by Thu Huong & Bich Huong
HA NOI (VNS)— The road that leads to this neighbourhood under Long Bien bridge was even more slippery after days of light rain.
|Part of a so-called slum in Ha Noi's Ba Dinh District. The slum, overlooking a polluted canal under Long Bien Bridge, is home to hundreds of low-income earners from rural areas. — VNS Photo Thu Huong
The rain made the smell of rotten fruit, garbage and waste water even stronger.
The area is home to hundreds of labourers who make a living from the wholesale Long Bien night market as potters and fruit sellers or by running various errands.
During the late morning, most of the dilapidated houses overlooking the canal scattered with garbage are locked. The male workers, who work as potters, have left already.
Some women, after catching up on sleep after a night at the fruit market, stay later to cook and gossip.
The neighbourhood is part of Phuc Xa Ward in Ha Noi's Ba Dinh District, one of the central districts.
It's considered one of the capital's slums.
Most of the residents here come from neighbouring northern provinces, such as Hung Yen, Hai Duong and Nam Dinh, to earn money to supplement
their earnings from farming back at home.
Sixty-two-year-old Tran Thi Thin and her son have lived in one of the decrepit homes, merely six square meters, for the past 15 years. They pay a monthly
rent of about VND 800,000 ($US40).
She makes a living from picking up scraps and other waste materials, then selling them to scrap-iron dealers. On good days, she earns about VND50,000. When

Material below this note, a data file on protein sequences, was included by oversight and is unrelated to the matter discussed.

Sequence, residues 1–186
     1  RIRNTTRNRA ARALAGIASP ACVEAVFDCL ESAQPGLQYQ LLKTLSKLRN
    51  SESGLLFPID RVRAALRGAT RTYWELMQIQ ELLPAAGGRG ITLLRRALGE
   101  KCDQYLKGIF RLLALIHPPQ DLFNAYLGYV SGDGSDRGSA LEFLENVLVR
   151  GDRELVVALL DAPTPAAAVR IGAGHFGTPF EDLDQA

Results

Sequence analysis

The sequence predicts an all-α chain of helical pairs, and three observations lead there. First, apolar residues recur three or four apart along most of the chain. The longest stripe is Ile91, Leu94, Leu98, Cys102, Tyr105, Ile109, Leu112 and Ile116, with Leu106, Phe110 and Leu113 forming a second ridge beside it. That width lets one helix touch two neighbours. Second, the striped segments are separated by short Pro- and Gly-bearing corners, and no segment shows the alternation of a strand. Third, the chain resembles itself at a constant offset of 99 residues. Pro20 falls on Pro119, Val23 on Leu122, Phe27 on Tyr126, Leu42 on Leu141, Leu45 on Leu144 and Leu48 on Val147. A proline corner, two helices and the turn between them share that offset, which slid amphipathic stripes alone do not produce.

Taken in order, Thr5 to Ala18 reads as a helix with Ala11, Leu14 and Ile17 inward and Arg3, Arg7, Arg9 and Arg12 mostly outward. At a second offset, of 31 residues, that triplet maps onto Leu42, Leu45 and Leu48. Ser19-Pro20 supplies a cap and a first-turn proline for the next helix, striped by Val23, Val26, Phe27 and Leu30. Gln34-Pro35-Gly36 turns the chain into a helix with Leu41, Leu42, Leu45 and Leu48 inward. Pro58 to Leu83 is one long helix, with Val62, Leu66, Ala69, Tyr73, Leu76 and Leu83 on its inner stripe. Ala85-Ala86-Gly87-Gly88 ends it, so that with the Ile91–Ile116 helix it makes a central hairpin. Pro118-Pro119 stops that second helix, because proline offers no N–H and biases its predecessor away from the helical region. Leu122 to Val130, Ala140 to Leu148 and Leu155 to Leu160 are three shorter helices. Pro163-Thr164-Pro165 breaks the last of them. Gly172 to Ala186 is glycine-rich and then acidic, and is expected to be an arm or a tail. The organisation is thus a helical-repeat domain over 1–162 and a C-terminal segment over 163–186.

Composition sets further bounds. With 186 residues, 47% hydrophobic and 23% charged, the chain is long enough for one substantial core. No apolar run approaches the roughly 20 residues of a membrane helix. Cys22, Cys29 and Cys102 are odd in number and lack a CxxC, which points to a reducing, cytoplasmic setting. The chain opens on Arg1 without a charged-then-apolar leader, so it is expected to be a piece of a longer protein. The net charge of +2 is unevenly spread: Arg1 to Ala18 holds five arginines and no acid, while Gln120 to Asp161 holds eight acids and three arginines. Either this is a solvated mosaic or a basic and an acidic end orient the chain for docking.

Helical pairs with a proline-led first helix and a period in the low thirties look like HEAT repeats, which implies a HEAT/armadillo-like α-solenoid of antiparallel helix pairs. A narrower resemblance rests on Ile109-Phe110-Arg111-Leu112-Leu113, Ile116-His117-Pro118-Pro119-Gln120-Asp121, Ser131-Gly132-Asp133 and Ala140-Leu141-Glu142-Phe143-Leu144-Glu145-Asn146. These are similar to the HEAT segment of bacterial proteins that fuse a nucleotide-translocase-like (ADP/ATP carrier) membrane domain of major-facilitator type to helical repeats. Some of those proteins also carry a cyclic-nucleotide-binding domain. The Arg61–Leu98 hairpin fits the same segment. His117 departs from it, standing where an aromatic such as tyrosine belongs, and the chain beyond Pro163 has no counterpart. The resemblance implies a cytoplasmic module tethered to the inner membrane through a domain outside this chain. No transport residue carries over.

her health does not permit wandering through dumps and bending down, the money is less.
"At least our place doesn't get leaks when it rains," she said. "In the summer, we have one fan. That's good enough." The place doesn't have a rest room so they use the rest room in the market, paying VND2,000 for each visit.
Thin said that occasionally, people from the ward authorities come to check on them, one of their few connections with the bustling city outside.
Nguyen Khanh Tung, 46, and his wife were tucking in their two-month baby in their nearby place. Tung said he makes money by pushing fruit trolleys at night in
Long Bien market.
"We pay VND500,000 per month for this," Tung said, pointing to his six-square-metre place, which fit barely more than a bed. "We brought our kid here
because she's sick. No one could look after her at home while we worked."
The place was located in a cul-de-sac, which made the rent cheaper. Tung said many of his fellow villagers from Hung Yen Province also came here during the
off-peak season for farming.
Even though Ha Noi and other Vietnamese urban areas have few slums compared with cities in India, Indonesia and Thailand, slums still exist, accommodating those who can't afford to live anywhere else.
In 2005, the United Nations Habitat estimated that 9 million Vietnamese, accounting for roughly 41 per cent of the urban population, were living in slums.
According to the World Bank, Viet Nam is urbanising at a rate of 3.4 per cent annually.